Millions of people live in areas where auto insurance is unaffordable, a replacement for the Affordable Care Act might be more complex than the existing law and Wells Fargo faces scrutiny for mortgage practices.
Already under fire for its fake accounts scandal, a ProPublica investigation found that, according to four former employees, Wells Fargo & Co. improperly charged interest-rate extension fees when mortgage paperwork got delayed. Those delays were generally the bank's fault, but management compelled lower-level staffers to blame the customers, the employees claimed.
Washington and Lee University of Law emeritus professor and healthcare expert Timothy Jost sees a potential replacement for the Affordable Care Act as being more complex than the existing health reform law. The measure, which is being put forth by four Republican senators, seeks to use three approaches to replace the ACA's mandate. Were it actually passed, it would need a much longer transition period than the Jan. 1, 2018, deadline that the bill envisions.
In a world where apps can alert investors when President Donald Trump tweets about stocks they own, it pays to focus on reality, Stephen Foley wrote in the Financial Times. Bets against bonds issued by several health insurers and hospital companies pushed prices down after Trump's election, but investors who focused on the real-world difficulty of repealing and replacing the ACA ended up making good profits.
Nearly 19 million people reside in areas rife with unaffordable auto insurance, according to a January report from the Treasury Department's Federal Insurance Office. The report evaluated insurance premiums for basic liability coverage in more than 9,000 zip codes across the country lined with high percentages of residents with low to moderate incomes, The New York Times reported. In five states, including New York, premiums were deemed unaffordable for those populations in more than half of the zip codes statewide.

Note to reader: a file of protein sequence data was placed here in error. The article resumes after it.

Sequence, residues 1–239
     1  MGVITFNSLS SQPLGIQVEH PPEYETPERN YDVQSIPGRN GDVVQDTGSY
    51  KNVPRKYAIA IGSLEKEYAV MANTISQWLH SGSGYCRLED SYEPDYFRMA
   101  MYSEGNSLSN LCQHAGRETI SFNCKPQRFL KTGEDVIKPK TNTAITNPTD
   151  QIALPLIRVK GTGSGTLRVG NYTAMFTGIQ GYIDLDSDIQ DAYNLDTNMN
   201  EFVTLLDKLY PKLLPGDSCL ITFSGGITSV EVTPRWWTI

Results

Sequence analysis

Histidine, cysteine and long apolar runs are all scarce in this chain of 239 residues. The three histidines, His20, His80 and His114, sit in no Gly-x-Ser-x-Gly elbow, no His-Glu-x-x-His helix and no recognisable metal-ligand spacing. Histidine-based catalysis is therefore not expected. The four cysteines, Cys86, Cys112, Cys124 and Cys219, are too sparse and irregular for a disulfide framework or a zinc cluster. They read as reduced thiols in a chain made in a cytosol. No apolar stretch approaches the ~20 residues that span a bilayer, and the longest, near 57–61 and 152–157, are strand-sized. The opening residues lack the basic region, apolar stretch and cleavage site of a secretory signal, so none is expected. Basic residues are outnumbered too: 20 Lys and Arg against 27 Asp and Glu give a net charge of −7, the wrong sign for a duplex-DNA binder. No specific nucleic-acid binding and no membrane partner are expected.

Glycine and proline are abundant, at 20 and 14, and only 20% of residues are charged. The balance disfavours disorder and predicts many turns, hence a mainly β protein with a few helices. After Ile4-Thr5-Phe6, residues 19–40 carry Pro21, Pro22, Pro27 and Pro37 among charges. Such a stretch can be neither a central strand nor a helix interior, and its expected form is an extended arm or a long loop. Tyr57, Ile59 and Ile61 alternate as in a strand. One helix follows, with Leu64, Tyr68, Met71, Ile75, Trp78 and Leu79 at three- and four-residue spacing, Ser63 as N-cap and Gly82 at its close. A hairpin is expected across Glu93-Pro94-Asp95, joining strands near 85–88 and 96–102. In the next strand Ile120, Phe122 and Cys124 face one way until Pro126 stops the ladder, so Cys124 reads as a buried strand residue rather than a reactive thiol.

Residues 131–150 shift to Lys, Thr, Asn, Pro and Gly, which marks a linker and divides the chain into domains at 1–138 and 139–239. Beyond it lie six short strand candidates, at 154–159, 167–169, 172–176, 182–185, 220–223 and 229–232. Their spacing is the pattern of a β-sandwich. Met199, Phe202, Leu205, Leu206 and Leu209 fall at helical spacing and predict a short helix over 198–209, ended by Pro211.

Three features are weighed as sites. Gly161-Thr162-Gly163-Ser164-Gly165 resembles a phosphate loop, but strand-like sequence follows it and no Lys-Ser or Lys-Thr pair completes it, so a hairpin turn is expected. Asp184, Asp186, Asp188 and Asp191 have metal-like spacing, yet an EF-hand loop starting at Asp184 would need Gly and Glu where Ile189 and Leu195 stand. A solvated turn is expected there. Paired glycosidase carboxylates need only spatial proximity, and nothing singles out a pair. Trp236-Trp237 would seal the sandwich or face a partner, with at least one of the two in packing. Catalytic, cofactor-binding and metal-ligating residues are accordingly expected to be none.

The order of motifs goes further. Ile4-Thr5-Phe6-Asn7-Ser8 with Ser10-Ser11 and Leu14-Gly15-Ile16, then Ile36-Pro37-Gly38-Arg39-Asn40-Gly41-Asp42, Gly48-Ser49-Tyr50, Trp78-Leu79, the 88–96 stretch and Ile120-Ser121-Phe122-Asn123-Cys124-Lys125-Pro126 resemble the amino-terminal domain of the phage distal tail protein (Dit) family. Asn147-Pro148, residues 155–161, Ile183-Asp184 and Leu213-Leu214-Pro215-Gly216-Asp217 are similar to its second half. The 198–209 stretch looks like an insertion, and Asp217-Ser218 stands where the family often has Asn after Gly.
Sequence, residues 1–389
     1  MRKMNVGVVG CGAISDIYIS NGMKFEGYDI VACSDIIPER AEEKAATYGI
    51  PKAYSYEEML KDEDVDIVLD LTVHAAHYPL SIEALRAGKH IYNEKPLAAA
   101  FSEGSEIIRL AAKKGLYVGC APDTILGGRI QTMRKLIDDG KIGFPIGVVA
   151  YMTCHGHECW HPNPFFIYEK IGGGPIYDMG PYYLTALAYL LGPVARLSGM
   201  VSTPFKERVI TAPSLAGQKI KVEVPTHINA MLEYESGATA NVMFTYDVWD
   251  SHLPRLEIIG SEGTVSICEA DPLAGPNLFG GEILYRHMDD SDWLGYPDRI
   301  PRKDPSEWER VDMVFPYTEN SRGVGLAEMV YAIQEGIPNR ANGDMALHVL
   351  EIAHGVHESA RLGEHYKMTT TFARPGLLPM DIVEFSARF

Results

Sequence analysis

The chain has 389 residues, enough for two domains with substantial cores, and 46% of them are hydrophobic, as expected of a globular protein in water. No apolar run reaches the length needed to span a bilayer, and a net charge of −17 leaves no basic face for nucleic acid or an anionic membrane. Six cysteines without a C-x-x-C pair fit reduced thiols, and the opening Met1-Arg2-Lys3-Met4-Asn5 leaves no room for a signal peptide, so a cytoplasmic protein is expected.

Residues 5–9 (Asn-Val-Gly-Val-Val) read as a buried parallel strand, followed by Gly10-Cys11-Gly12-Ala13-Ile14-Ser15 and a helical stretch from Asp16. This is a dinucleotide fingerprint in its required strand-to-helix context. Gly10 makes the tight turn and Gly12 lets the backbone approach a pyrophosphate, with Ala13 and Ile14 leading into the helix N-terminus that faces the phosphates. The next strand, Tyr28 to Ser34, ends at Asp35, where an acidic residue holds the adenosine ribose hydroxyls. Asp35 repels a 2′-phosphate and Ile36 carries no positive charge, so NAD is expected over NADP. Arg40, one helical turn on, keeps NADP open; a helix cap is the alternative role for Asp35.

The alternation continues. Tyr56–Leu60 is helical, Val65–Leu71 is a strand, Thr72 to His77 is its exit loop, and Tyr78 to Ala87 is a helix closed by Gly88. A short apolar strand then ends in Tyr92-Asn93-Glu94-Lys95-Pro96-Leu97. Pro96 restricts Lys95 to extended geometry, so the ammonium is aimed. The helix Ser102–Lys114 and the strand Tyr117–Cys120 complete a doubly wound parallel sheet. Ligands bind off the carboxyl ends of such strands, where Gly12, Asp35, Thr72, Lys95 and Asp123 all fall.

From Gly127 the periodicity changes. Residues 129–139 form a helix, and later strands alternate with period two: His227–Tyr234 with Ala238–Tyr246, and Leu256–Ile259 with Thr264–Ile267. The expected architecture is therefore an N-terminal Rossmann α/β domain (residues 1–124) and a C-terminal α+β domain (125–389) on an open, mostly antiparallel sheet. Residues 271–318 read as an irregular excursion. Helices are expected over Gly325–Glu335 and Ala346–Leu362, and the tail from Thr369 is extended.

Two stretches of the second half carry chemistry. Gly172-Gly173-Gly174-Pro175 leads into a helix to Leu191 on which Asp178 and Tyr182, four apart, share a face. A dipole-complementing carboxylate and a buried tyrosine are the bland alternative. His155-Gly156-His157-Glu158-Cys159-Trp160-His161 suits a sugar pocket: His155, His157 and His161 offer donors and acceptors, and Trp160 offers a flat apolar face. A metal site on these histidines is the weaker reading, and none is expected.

Less than three weeks after searching the apartment of a Brazilian national implicated in connection with TelexFree's alleged $3 billion fraud scheme, officials from the U.S. Attorney's Office in Boston posted an image of the seized cash stashed in the suspect's box spring on Twitter. Facing one count of conspiracy to commit money laundering, Cleber Rene Rizerio Rocha is serving as a cooperating witness for the government, MarketWatch reported.
Rebuffed by investors following an appearance on ABC's Shark Tank in 2013, Ring CEO Jamie Siminoff used the slight as motivation in his quest to raise millions for his company. According to Business Insider, Siminoff partook in a serious undertaking to refurbish the image of his company, which manufactures video doorbell devices meant to deter home intruders. Ring, which now sells products in about 100 countries, has completed a $109 million round of fundraising from investors that included Goldman Sachs Group Inc.